ND, BU, UCLA, UVA top list of schools employing own grads

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jenesaislaw
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Re: ND, BU, UCLA, UVA top list of schools employing own grads

Postby jenesaislaw » Fri Feb 15, 2013 2:03 pm

JCougar wrote:
twinkletoes16 wrote:Also interested to hear thoughts on peer schools- why UVA and not P/B, why UCLA and not USC? Or are those grads just unemployed and the school's not helping at all?


I actually think the bolded part is more correct. Which is why I'm not necessarily against these "fellowships."

I am against them being counted as full-time, long-term jobs, though.

UVA really isn't worse than its peers. It's just that their employment score looks better than their peers with these "fellowships" added in (which is why their LST employment score is like 94% or something, when it should be closer to 77%).


Agree with this post entirely.

One thing that we're considering is giving schools like UVA, GW, and others with LT, FT S-F jobs a range employment score instead. So using your numbers, UVA's score would be 77%-94%, with an asterisk explaining why it's a range.

Another solution is to deduce the minimum number of LT, FT S-F jobs we can exclude. My concern here, as it's always been, is getting messy...but I may see how this looks for the 2012 data.

The best solution is a year away, and we're getting some (but not enough yet) traction on it. This would be excluding the school-funded jobs entirely from the data. Therefore, a job cannot count as both S-F and bar required, or S-F and public interest. The biggest problem is that some of the LT, FT school-funded jobs are jobs we would not want to exclude -- but I think this is a matter of changing the data schools report to the ABA instead of how the ABA (and schools) present them. That is, NALP already distinguishes between two types of long-term: definite duration and indefinite duration. LT (indefinite), FT school-funded jobs are natural to include, whereas the definite-term ones (i.e. GW's 1 year program) are not.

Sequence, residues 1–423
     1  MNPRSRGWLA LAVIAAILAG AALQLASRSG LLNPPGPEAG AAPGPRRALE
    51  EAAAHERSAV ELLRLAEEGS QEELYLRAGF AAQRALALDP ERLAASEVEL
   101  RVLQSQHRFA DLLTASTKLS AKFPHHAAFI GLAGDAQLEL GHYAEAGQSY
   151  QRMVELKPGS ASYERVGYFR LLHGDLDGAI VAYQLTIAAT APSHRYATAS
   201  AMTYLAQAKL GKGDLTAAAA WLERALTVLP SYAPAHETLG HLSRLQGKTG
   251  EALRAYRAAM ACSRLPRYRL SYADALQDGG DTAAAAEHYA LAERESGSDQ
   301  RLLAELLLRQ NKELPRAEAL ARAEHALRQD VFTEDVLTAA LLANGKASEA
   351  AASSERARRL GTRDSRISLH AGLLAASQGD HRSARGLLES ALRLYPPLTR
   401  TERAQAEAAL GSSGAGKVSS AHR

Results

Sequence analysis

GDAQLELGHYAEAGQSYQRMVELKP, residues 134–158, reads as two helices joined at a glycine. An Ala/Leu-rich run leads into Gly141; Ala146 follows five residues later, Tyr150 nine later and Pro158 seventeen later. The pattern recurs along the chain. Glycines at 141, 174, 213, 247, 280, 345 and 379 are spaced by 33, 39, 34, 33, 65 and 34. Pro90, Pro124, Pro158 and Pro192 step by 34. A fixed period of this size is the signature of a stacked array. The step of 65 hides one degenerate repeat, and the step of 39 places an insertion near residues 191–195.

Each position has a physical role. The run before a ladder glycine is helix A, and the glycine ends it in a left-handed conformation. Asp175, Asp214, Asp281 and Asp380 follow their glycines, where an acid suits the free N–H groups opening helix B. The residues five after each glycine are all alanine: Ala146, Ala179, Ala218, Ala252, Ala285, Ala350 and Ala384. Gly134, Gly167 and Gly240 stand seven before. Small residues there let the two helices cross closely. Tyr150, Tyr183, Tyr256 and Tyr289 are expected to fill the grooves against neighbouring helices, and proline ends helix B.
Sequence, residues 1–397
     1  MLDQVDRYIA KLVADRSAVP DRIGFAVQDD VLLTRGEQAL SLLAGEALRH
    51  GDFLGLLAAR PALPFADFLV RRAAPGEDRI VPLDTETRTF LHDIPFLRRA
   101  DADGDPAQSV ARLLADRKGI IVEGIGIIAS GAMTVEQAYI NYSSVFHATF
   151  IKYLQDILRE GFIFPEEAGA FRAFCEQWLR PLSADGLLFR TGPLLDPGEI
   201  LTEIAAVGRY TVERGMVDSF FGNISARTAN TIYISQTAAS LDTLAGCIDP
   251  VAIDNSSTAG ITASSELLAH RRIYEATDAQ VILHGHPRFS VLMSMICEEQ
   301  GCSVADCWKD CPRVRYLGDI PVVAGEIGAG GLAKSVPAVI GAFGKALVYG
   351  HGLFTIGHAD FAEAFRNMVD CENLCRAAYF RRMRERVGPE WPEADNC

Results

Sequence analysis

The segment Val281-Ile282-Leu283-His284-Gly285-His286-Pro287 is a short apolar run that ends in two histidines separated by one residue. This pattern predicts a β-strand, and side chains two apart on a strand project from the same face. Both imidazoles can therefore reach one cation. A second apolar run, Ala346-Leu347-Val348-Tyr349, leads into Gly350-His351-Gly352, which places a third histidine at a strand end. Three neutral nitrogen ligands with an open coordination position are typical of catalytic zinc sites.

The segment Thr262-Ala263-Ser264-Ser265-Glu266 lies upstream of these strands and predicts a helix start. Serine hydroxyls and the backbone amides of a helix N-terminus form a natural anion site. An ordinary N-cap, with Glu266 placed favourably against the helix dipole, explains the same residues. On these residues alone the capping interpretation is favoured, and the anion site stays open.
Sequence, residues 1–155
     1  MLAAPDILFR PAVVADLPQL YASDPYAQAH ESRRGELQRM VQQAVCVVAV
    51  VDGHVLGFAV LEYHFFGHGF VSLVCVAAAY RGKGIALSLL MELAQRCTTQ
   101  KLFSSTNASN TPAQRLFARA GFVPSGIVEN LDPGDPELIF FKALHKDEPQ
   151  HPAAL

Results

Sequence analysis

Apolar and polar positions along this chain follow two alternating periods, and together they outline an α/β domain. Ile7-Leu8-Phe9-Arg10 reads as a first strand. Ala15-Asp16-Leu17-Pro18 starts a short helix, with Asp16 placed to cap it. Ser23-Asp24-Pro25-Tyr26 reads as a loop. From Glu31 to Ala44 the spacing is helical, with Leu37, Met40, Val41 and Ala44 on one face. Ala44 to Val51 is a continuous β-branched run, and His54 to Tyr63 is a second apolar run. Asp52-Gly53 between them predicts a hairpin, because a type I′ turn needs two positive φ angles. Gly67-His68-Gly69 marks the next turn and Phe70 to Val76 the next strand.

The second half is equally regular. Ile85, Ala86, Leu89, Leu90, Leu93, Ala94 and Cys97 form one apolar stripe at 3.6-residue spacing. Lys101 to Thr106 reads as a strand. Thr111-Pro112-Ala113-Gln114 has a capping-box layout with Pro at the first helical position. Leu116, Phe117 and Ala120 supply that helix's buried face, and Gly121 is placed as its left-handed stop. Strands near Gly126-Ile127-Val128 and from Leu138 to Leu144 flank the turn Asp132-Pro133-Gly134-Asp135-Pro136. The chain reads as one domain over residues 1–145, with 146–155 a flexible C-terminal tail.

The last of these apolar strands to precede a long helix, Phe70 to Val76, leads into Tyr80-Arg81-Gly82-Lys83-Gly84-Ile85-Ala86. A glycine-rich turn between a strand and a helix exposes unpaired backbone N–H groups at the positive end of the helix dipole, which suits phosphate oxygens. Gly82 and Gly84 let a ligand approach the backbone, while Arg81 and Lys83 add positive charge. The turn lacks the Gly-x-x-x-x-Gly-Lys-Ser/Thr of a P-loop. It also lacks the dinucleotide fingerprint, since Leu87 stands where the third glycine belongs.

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Rahviveh
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Re: ND, BU, UCLA, UVA top list of schools employing own grads

Postby Rahviveh » Fri Feb 15, 2013 2:05 pm

jenesaislaw wrote:
JCougar wrote:
twinkletoes16 wrote:Also interested to hear thoughts on peer schools- why UVA and not P/B, why UCLA and not USC? Or are those grads just unemployed and the school's not helping at all?


I actually think the bolded part is more correct. Which is why I'm not necessarily against these "fellowships."

I am against them being counted as full-time, long-term jobs, though.

UVA really isn't worse than its peers. It's just that their employment score looks better than their peers with these "fellowships" added in (which is why their LST employment score is like 94% or something, when it should be closer to 77%).


Agree with this post entirely.

One thing that we're considering is giving schools like UVA, GW, and others with LT, FT S-F jobs a range employment score instead. So using your numbers, UVA's score would be 77%-94%, with an asterisk explaining why it's a range.

Another solution is to deduce the minimum number of LT, FT S-F jobs we can exclude. My concern here, as it's always been, is getting messy...but I may see how this looks for the 2012 data.

The best solution is a year away, and we're getting some (but not enough yet) traction on it. This would be excluding the school-funded jobs entirely from the data. Therefore, a job cannot count as both S-F and bar required, or S-F and public interest. The biggest problem is that some of the LT, FT school-funded jobs are jobs we would not want to exclude -- but I think this is a matter of changing the data schools report to the ABA instead of how the ABA (and schools) present them. That is, NALP already distinguishes between two types of long-term: definite duration and indefinite duration. LT (indefinite), FT school-funded jobs are natural to include, whereas the definite-term ones (i.e. GW's 1 year program) are not.


Is this data available to the public in any form?

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jenesaislaw
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Re: ND, BU, UCLA, UVA top list of schools employing own grads

Postby jenesaislaw » Fri Feb 15, 2013 2:08 pm

Not really. The best is page 6 of a school's NALP Report: --LinkRemoved--

But as you can see, the breakdown is only by employer type.

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JCougar
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Re: ND, BU, UCLA, UVA top list of schools employing own grads

Postby JCougar » Fri Feb 15, 2013 2:38 pm

jenesaislaw wrote:Agree with this post entirely.

One thing that we're considering is giving schools like UVA, GW, and others with LT, FT S-F jobs a range employment score instead. So using your numbers, UVA's score would be 77%-94%, with an asterisk explaining why it's a range.